1. Ives’s Love for Beethoven

2. In this thesis, I will examine and explore Charles Ives’s fascination and use of Beethoven. Specifically, I will analyze his Concord Sonatas, in which Beethoven’s Fifth is quite prominent. From ideas to beliefs of transcendentalism to sheer love for the first four note, Ives’s love for Beethoven will be revealed.

3. Sources thus far:

Schwartz, Steve. “‘Concord’ Sonatas.” 1996. ClassicalNet. http://www.classical.net/~music/recs/reviews/r/rgy87078a.php

Examines each movement, analyzing the use of Beethoven’s first four notes in each. In addition, he provides a background to each movement, going into detail of how the stories behind the piece fit in with the music and themes.

Swafford, Jan. “This Great American Composer.” 2009.  http://www.slate.com/articles/arts/music_box/2009/06/this_american_composer.html

This explore’s Ives’s history and what lead him to become the exuberant composer he was. Giving insight into what molded his musical mind, the article also analyses his works, including the use of Beethoven in the Concord Sonatas.

Block, Geoffrey Holden, and J. Peter Burkholder. Charles Ives and the Classical Tradition. New Haven: Yale UP, 1996. Print.

This book about Ives goes into detail about Ives and his music. Spending many pages on the use of the first four notes, Block explores the idea behind it and how everything musically fit together.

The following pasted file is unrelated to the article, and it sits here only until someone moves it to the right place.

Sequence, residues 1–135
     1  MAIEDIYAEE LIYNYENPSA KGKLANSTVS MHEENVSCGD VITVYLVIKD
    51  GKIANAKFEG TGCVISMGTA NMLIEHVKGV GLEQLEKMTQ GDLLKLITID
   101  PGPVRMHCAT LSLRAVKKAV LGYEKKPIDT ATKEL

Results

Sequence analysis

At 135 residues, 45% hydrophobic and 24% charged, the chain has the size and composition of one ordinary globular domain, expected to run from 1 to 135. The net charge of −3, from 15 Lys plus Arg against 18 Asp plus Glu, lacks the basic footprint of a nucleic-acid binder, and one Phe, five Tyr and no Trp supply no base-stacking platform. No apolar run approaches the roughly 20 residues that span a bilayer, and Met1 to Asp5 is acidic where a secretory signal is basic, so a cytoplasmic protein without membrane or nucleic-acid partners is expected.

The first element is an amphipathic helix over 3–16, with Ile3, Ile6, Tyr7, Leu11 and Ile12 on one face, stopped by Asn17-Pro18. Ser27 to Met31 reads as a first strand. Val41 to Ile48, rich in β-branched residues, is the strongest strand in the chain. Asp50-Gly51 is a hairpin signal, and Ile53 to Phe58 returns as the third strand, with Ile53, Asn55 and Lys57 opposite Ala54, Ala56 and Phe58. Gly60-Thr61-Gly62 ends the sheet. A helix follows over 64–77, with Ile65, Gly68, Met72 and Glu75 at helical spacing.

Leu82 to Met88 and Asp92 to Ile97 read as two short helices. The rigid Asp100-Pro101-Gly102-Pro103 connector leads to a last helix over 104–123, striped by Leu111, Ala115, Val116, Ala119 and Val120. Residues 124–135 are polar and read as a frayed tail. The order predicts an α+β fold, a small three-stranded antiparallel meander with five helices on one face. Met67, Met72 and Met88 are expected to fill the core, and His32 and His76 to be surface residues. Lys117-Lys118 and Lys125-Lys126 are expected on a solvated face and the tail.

Denk, Jeremy. “Flight of the Concord.” The New Yorker, February 6, 2012.

Schiff, David. “The Many Faces of Ives.” The Atlantic, January 1, 1997.

4. Charles Ives was an American composer, transcendentalist, and insurance salesman. Working a steady job, he had the financial stability to form a creative outlet through composing music that was, as some consider, too early for his time, if at all ever. His most famous work, the Concord Sonatas, contain an extensive quoting of Beethoven’s Fifth symphony’s first four notes. Ives’s relationship with Beethoven is clearly a great fandom,  as the Fifth shapes his sonatas. Although Ive’s may have used the first four notes as a dedication to the great composer, there is evidence that points to a deeper meaning beneath the surface including beliefs and musical themes.

One thought on “

  1. Good, Hattie! These are outstanding sources. You’ve chosen a fine topic and you’re going to get a lot out of this, I think.

    For you, for Wednesday, since you have some serious texts and a lot of information to acquire, simply spend 2 hours reading and taking notes, and respond before Wednesday’s class to information that you have gleaned that will be useful for your work.

    Your opening paragraph needs some work. Sentence two, the ending “if at all ever,” is not a good construction, so that can be finessed. “Fandom” is definitly not a word to appear in a serious piece of music writing. We are moving from blogging or from journalism to academic prose now. Final sentence “Deeper meaning beneath the surface” is redundant, so you don’t need beneath the surface. “Beliefs and musical themes” don’t quite relate to the previous sentence.

    This will be a good opportunity to work on your writing. I think you are a very intelligent and perceptive person. Your writing needs to do a better job reflecting that, as it’s an essential aspect of our ability to communicate with the world. We’ll work on it.

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